A moment of vulnerability created “Madeline” by Ludwig Bemelmans.
Madeline created from moments of vulnerability
Recently, I heard Brene Brown speak at Mom 2.0 Summit in Pasadena, California. Since then, while reading stories about the lives of others, I have been using her lens when it comes to the definition of vulnerability. I am also conscious of my own moments of being vulnerable both past and present.
“I define vulnerability as uncertainty, risk, and emotional exposure.
The perception that vulnerability is weakness is the most widely accepted myth about vulnerability and the most dangerous. When we spend our lives pushing away and protecting ourselves from feeling vulnerable or from being perceived as too emotional, we feel contempt when others are less capable or willing to mask feelings, suck it up, and soldier on. We’ve come to the point where, rather than respecting and appreciating the courage and daring behind vulnerability, we let our fear and discomfort become judgment and criticism.
Vulnerability isn’t good or bad: it’s not what we call a dark emotion, nor is it always a light, positive experience. Vulnerability is the core of all emotions and feelings. To feel is to be vulnerable. To believe vulnerability is weakness is to believe that feeling is weakness. To foreclose on our emotional life out of a fear that the costs will be too high is to walk away from the very thing that gives purpose and meaning to living. ”
Read more: http://www.oprah.com/own-super-soul-sunday/excerpt-daring-greatly-by-dr-brene-brown#ixzz5FJ2vEH00
Madeline, the children’s book series by Ludwig Bemelmans has always been a favorite of mine since my own childhood and it has taken its rightful place in my granddaughters library as well.
Ludwig Bemelmans, has quite the life story. It appeared in a recent New York Times article. Bemelmans’ 120th birthday would have been on May 11, 2018. Although many of us are fans of Madeline and all the trouble that seems to follow her around, I would wager that not too many of us are aware of Bemelmans own life story and its defining moments.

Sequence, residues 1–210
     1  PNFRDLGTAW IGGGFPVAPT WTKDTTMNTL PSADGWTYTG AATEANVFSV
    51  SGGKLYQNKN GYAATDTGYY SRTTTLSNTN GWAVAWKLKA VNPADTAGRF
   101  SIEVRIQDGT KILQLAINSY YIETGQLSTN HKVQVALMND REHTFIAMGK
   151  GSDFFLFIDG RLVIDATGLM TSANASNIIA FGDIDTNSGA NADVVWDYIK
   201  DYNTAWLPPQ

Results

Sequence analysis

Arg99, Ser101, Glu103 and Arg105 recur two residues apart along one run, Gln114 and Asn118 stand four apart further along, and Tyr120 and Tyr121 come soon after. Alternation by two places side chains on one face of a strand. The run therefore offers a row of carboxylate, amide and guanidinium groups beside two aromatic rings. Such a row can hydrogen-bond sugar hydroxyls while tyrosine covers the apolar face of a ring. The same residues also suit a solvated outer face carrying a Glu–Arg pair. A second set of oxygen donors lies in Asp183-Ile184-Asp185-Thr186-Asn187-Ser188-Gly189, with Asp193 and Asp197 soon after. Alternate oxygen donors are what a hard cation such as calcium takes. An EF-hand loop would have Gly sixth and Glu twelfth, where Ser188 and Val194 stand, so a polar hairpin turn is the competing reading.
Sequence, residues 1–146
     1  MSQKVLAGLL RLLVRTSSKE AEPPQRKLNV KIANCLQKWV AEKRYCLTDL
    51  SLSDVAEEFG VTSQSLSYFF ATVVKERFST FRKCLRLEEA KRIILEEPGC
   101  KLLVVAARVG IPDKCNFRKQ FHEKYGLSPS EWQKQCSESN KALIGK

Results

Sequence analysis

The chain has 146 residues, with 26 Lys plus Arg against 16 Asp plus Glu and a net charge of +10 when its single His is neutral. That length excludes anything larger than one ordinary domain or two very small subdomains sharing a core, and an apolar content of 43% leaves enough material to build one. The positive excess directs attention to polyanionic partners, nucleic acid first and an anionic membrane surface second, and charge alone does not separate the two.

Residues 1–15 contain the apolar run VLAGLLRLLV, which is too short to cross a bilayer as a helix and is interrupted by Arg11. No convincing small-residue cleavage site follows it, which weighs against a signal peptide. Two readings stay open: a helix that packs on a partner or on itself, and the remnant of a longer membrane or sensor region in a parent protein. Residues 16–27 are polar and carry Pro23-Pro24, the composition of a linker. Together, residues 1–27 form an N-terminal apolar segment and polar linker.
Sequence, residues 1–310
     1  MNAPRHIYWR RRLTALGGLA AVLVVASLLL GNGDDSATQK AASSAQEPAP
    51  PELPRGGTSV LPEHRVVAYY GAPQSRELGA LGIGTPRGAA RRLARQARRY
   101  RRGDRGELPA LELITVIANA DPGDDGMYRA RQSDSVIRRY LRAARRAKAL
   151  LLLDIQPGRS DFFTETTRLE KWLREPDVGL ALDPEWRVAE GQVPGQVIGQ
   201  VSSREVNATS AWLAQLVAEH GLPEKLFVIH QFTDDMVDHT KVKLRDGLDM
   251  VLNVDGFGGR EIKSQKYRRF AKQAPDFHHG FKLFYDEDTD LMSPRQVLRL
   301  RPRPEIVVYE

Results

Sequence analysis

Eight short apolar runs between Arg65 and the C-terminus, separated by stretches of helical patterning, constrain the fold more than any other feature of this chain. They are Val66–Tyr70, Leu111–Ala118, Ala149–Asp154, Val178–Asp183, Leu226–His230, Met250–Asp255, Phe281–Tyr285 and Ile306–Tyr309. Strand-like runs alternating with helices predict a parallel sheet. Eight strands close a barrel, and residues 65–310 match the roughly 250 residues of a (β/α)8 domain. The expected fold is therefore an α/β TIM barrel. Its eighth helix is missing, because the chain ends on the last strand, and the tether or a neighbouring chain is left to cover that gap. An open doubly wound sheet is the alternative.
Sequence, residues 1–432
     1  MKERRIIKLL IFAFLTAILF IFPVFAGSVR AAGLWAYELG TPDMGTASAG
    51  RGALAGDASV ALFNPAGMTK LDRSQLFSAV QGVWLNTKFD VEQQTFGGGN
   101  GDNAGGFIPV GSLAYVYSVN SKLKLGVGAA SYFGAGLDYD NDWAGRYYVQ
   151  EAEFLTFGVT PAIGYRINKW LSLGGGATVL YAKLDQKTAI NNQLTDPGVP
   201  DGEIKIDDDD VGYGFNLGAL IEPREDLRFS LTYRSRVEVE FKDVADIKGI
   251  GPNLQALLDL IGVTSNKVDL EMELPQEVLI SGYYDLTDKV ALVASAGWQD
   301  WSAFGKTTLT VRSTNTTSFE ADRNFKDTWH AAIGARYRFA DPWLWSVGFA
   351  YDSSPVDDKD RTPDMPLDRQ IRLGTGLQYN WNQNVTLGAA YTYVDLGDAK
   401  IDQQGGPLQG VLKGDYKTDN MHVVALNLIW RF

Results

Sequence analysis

It was the author’s mom who introduced him to the art of storytelling when he was just a young boy. As Ludwig grew into adolescence he had a penchant for getting into trouble. It was about that time that his mom sent him off to work in one of his uncle Hans’ hotels. According to an old New York Times interview, Bemelmans told of a time, the headwaiter in the hotel wanted to beat him with a leather whip. It was then that Bemelmans, still a teenager, threatened to shoot the waiter if he in fact hit him. Well, the waiter called Bemelmans’ bluff and he was shot in the abdomen by the teenager.
What a clear moment of vulnerability for Ludwig Bemelmans. He had stood up for himself and it forever changed the rest of his life. The police “kicked his ass” and told his family that he must go to reform school or be sent to America.
It was after his arrival in America that Bemelmans thrived as an artist and writer and he began to write children’s books along with stories for the Saturday Evening Post, The New Yorker and Vogue magazines along with novels for adults.
In 1938, Bemelmans and his family traveled to the south of France where he suffered a bike accident and was hospitalized. In the room next to him during his recovery was a little girl who was recovering from an appendicitis. It was shortly thereafter that the Madeline series was born. He said Madeline was a combination of his mother, wife and daughter and her story began in Paris with illustrations that charmed its readers.
A shooting and a bike accident, both moments of vulnerability changed the lives of Bemelmans and readers of his books forever.
Bemelmans’ mother also had her own moments of being vulnerable as a single mom and making the choice to send her only son off to America certainly was one of them.
For the past week, I have been reviewing my own moments of vulnerability as a child, young woman, wife, mother and now a grandmother. The choices I have made and roads I have chosen to walk have made all the difference in my life, as did my own mother’s choices. Staying in the arena at times when I wished I could opt out seemed never to be an option. My own grandmother used to say “nothing worth it is easy!” I cherish and carry her words with me always.
On this Mother’s Day weekend take a look at your moments of vulnerability and perhaps checkout the vulnerable moments in your own mom’s life that affected your own life. You may be surprised by what you see through the lens of Brene Brown.
Happy Mother’s Day!